Pitt Researchers Obtain $4.5 Million Grant to Study Potential Improvements for Wheelchair Users
PITTSBURGH, July 26, 2012
– Researchers from the University of Pittsburgh School of Medicine
will lead a five-year, multi-site project aimed at improving the lives of people with Spinal Cord Injuries (SCI). The study will use Internet-based training and group sessions to hone the skills of wheelchair use and prevent wheelchair failures. This research will involve more than 500 participants over four different sites, making it one of the largest studies of its kind.
Among the other groups involved in the research are: the Northern New Jersey Spinal Cord Injury System, a cooperative effort of the Kessler Foundation, the Kessler Institute for Rehabilitation and the University of Medicine and Dentistry of New Jersey; the Midwest Regional Spinal Cord Injury Care System, which brings together Northwestern University’s Feinberg School of Medicine and the Acute Spinal Cord Injury Program at Northwestern Memorial Hospital, plus the Spinal Cord Injury Rehabilitation Program at the Rehabilitation Institute of Chicago; and the University of Miami Miller School of Medicine’s Department of Rehabilitation Medicine and The Miami Project, along with Jackson Memorial Hospital forming the South Florida Spinal Cord Injury System.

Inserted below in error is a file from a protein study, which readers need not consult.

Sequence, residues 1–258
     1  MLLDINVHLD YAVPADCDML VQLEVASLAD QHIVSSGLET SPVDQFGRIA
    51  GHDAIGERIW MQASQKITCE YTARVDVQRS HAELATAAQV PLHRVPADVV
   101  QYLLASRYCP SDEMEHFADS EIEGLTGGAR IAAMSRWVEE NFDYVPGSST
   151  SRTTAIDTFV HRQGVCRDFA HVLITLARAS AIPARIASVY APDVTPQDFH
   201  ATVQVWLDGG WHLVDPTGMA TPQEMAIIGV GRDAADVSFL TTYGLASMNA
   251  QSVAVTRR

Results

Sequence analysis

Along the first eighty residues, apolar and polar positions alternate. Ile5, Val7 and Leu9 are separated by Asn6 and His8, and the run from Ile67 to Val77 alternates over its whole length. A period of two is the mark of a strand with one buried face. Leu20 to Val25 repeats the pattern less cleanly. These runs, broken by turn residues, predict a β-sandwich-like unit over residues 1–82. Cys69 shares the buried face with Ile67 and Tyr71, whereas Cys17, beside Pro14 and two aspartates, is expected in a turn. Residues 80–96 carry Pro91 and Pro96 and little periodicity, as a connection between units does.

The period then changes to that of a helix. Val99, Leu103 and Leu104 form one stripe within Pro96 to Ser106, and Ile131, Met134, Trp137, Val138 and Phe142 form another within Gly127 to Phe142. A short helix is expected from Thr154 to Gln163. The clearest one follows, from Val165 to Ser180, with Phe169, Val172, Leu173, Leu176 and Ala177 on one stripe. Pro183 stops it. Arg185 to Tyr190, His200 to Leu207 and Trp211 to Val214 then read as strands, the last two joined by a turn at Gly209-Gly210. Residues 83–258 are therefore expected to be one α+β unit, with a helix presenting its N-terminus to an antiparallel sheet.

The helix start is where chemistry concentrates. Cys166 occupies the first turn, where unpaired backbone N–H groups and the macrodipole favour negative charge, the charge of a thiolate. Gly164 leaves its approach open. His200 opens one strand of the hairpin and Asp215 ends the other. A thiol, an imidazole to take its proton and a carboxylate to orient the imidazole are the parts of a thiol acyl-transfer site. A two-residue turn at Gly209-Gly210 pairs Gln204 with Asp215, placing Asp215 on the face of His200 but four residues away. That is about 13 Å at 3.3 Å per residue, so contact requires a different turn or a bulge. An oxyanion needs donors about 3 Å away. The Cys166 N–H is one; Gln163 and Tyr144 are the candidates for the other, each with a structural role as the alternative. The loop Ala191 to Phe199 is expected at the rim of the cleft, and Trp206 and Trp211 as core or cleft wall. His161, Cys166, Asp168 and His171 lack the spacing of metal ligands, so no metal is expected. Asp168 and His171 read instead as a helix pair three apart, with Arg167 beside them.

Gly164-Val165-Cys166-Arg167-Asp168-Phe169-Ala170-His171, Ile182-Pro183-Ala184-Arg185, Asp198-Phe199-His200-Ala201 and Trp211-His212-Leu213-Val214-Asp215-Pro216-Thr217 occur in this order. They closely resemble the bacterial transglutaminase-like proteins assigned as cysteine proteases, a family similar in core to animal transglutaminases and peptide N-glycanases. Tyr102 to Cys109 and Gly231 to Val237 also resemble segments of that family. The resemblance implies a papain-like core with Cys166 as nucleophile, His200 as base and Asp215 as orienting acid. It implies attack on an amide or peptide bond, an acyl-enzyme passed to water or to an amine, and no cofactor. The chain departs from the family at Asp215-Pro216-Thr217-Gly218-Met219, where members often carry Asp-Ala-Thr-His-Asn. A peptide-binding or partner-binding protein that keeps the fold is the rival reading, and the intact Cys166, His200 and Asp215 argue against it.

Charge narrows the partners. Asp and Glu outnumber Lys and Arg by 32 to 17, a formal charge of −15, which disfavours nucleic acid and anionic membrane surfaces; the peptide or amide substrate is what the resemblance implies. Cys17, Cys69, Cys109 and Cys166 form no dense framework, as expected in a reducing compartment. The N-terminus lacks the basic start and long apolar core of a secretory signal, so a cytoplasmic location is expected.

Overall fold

“This grant will start to tackle problems related to insurance cutbacks that have negatively impacted individuals with Spinal Cord Injuries,” said Michael Boninger, M.D.
, professor and chair, Department of Physical Medicine and Rehabilitation
, Pitt School of Medicine. “Because they spend less time in the hospital after their injuries, they never learn how to effectively use and maintain their wheelchairs. We need an effective, low-cost way to provide people with training that maximizes their independence – this study tackles that problem.”
The latest grant – from the National Institute for Disability and Rehabilitation Research -- comes barely two months after a published Pitt-UPMC study, with Boninger as the senior author, found 52 percent of people with SCI required wheelchair repairs
in the preceding six months. Many of the wheelchair users who needed repairs experienced adverse consequences, the study also found. The same set of Pitt-UPMC researchers also have a 2012 study paper accepted for publication finding a relationship between the ability to perform wheelchair skills – after training – and higher life satisfaction and community participation. The abstract is available at http://www.ncbi.nlm.nih.gov/pubmed/22684049